Thursday, May 21, 2009

Gojira @ El Corazon

This year Amy bought me 2 tickets to see one of my favorite bands, Gojira (BEST. PRESENT. EVER.) They are a death metal band from France, but instead of lyrics fixated on gore, suffering, dismemberment, and other creepy stuff, they tend to write about environmental, spiritual, and social issues. I admit this sounds like a strange combination, but the energy, intricacy and intensity of metal actually makes the messages come through far more forcefully than if they were accompanied by a softly strummed acoustic guitar.

Their most recent album, The Way of All Flesh, is an exploration of life and death, but takes a surprisingly sophisticated perspective on mortality. The songs explore our connection to each other and to the planet where we evolved, the fear each of us feels when we contemplate the end of our existence, and what (if anything) awaits us when we die. The album came out just before my grandfather passed away, and I listened to it over and over during that time. Here is a passage from the title track that was particularly meaningful to me:

I find it hard to believe that this picture on the wall is everything
I do understand all the prayers, life is so sharp and hurts so bad
What does it mean to be dying, what if you take the guts and brain away
Is it this blood and heartbeat that you call life?

Every effort to ignore it is unavailing; we all have to die
Is it too late to dull the edges of the pain, I have to try
This is another dimension
You can scatter ashes to the winds and even buried in the ground I'm still here

Do not be afraid you are dying
and the four great elements of your body are collapsing one into the other
It feels as if you are being crushed by mountains
The light of this world has faded completely
But the light of the next world has not yet appeared

Your breath is now still, no warmth to your skin
Do not be afraid, there's no way that you can stay here
You are leaving this world
All lights are fading away now
Leave behind the loved ones and all you know
Do not be afraid and let yourself go

And another passage, this time from the song A Sight to Behold:

The way we all behave is not understandable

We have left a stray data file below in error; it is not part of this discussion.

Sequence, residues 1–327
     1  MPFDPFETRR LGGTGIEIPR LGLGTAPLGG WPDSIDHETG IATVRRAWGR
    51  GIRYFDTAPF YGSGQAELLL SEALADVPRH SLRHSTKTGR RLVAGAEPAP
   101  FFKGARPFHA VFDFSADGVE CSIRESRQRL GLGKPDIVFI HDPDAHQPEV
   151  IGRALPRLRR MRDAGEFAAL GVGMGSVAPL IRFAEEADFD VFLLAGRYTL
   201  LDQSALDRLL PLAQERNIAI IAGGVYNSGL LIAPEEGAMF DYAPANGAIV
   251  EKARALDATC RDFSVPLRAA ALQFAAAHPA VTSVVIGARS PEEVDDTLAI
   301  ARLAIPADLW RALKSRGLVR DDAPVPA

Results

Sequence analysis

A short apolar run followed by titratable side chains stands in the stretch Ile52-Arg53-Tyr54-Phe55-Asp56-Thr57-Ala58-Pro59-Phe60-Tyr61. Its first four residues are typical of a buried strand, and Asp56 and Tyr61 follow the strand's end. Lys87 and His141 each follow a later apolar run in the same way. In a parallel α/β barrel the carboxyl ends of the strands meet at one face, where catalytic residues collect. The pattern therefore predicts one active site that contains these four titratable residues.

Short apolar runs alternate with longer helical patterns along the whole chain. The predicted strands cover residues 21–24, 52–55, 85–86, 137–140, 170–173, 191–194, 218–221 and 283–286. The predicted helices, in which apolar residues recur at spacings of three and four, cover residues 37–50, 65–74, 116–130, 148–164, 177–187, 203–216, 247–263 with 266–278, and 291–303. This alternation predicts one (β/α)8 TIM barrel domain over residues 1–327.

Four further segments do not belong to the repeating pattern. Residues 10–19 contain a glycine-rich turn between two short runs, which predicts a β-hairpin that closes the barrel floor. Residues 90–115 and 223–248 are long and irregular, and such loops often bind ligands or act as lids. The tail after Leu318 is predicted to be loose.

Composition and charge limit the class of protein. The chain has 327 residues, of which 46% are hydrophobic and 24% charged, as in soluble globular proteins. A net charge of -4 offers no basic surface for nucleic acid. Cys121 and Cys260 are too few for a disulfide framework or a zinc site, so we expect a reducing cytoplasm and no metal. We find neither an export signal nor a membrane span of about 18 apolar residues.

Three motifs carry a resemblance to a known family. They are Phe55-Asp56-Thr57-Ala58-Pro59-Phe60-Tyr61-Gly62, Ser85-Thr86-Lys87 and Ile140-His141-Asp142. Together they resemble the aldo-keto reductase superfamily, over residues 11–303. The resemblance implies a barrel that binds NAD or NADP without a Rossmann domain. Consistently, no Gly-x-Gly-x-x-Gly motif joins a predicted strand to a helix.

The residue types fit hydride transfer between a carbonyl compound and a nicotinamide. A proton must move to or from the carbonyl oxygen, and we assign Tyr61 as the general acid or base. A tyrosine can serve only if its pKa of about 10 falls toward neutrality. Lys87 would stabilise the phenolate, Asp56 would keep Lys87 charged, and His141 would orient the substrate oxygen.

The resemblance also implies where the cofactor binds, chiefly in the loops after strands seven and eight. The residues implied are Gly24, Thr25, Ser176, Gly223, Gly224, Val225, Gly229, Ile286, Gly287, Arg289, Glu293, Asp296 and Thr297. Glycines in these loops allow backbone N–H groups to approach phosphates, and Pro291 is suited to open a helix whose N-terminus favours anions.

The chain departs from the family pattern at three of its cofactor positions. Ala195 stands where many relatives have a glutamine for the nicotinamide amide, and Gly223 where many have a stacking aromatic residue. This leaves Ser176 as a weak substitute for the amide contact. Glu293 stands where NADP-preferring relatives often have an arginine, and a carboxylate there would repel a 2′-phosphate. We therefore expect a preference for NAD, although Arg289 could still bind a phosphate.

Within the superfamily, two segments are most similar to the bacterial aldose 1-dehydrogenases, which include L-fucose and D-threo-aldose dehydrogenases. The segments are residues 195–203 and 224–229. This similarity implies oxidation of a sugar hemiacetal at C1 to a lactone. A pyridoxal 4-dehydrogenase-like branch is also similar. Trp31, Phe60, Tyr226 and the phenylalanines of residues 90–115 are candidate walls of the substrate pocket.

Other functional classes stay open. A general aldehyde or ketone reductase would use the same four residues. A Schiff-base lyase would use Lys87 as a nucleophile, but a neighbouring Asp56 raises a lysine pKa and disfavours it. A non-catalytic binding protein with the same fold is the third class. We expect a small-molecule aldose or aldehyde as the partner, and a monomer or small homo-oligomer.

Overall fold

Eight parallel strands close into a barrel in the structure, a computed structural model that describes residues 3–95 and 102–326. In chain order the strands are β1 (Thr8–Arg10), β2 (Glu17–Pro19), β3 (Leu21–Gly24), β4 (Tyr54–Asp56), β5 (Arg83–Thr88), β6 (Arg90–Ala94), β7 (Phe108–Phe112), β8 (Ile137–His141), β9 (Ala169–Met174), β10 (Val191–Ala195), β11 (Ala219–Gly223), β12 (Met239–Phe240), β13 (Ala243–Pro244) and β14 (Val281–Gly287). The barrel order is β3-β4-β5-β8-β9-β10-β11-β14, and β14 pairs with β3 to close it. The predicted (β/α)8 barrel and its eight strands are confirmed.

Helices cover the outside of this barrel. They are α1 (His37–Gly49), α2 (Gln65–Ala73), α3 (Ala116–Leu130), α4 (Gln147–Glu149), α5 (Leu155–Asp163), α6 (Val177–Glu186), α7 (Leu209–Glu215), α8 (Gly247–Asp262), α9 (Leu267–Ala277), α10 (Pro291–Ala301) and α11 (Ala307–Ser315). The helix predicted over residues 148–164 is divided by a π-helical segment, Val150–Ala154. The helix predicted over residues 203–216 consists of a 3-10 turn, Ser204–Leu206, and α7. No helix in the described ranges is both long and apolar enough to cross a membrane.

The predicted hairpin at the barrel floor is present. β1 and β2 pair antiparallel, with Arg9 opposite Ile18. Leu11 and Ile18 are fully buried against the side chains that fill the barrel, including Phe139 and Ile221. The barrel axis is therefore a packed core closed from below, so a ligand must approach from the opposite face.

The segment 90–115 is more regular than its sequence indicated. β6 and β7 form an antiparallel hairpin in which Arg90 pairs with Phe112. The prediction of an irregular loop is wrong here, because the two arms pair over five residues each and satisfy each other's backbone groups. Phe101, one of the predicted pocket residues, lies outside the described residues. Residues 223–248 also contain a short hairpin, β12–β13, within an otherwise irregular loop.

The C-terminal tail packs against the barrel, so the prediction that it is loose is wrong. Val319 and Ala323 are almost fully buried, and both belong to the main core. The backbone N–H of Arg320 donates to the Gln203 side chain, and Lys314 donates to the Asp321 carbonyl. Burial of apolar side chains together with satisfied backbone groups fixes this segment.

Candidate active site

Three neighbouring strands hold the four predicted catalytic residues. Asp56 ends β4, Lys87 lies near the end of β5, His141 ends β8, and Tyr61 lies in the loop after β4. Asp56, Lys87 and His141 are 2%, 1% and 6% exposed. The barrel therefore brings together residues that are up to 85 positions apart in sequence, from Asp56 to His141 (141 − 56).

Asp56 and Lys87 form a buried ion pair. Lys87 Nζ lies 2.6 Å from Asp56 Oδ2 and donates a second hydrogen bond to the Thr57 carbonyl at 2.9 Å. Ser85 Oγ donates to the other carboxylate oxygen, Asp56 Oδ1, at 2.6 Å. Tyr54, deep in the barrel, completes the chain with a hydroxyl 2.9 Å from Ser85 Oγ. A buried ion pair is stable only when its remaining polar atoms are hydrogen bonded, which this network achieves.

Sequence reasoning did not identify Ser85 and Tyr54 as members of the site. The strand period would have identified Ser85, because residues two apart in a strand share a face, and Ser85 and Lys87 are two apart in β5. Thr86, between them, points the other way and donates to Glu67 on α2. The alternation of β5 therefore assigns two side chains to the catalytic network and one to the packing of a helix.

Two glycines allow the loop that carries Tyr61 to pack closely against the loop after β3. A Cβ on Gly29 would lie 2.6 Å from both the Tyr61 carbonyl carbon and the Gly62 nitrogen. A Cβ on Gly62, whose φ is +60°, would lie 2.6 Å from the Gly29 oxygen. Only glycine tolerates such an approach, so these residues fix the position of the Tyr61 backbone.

It is so sad to see the wealth of our planet fade away
We all behave like children, taking off the head of our teddy bear
to see what's inside, taking, not giving back
We drain the oceans and suck all the blood out of the soil
We spend the time we have left fighting and killing each other
Lust for comfort, entertainment becomes an obsession
And there is so much time to kill

The show was at El Corazon, a small venue across the street from the downtown REI. We were at the very front of the stage for the whole set, and it was an incredible performance. Excellent musicianship, fantastic stage presence (they actually smiled throughout the set!), and they thanked the Sea Shepherd Society for coming to the show to distribute information and spread the word about conserving marine life.

Best of all, Amy actually came to the show with me and I think she had a good time too!

Tuesday, May 12, 2009

Kids, Gardens, Chickens, and Co-ops

Life has been extraordinarily busy in our household these past several weeks. The boys are doing well and growing like, ah, hop vines! (see below) Lochlan is three today and we had an exhilarating (but exhausting!) superhero training camp birthday party for him Saturday. Amy sewed a bunch of capes, and I drew templates for various superhero symbols--hammer, lightning bolt, cat, fire, etc so the kids could augment their own costumes. Some of the training activities included "speed" where I ran around the outside of the house until a swarm of caped anklebiters pulled me to the ground, flying on the swingset, fighting (punching bag), and agility (pinata).